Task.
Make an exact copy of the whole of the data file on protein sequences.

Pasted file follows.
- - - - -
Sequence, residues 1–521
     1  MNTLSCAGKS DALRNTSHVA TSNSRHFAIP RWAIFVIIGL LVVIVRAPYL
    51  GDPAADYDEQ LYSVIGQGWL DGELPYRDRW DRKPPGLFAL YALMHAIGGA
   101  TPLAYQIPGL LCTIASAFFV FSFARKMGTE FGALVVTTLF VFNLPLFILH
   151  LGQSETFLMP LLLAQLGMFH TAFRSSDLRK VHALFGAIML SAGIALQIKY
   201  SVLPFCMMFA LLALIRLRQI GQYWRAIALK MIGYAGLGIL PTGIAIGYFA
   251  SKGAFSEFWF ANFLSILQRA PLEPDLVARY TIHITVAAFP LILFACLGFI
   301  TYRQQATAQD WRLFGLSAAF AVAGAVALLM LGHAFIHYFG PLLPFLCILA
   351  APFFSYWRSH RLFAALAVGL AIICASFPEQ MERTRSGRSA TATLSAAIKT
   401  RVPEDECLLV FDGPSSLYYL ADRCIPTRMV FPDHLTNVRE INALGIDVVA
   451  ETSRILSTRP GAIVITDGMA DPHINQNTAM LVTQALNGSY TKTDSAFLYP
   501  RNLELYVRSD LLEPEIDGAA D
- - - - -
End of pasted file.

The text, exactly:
Sequence, residues 1–521
     1  MNTLSCAGKS DALRNTSHVA TSNSRHFAIP RWAIFVIIGL LVVIVRAPYL
    51  GDPAADYDEQ LYSVIGQGWL DGELPYRDRW DRKPPGLFAL YALMHAIGGA
   101  TPLAYQIPGL LCTIASAFFV FSFARKMGTE FGALVVTTLF VFNLPLFILH
   151  LGQSETFLMP LLLAQLGMFH TAFRSSDLRK VHALFGAIML SAGIALQIKY
   201  SVLPFCMMFA LLALIRLRQI GQYWRAIALK MIGYAGLGIL PTGIAIGYFA
   251  SKGAFSEFWF ANFLSILQRA PLEPDLVARY TIHITVAAFP LILFACLGFI
   301  TYRQQATAQD WRLFGLSAAF AVAGAVALLM LGHAFIHYFG PLLPFLCILA
   351  APFFSYWRSH RLFAALAVGL AIICASFPEQ MERTRSGRSA TATLSAAIKT
   401  RVPEDECLLV FDGPSSLYYL ADRCIPTRMV FPDHLTNVRE INALGIDVVA
   451  ETSRILSTRP GAIVITDGMA DPHINQNTAM LVTQALNGSY TKTDSAFLYP
   501  RNLELYVRSD LLEPEIDGAA D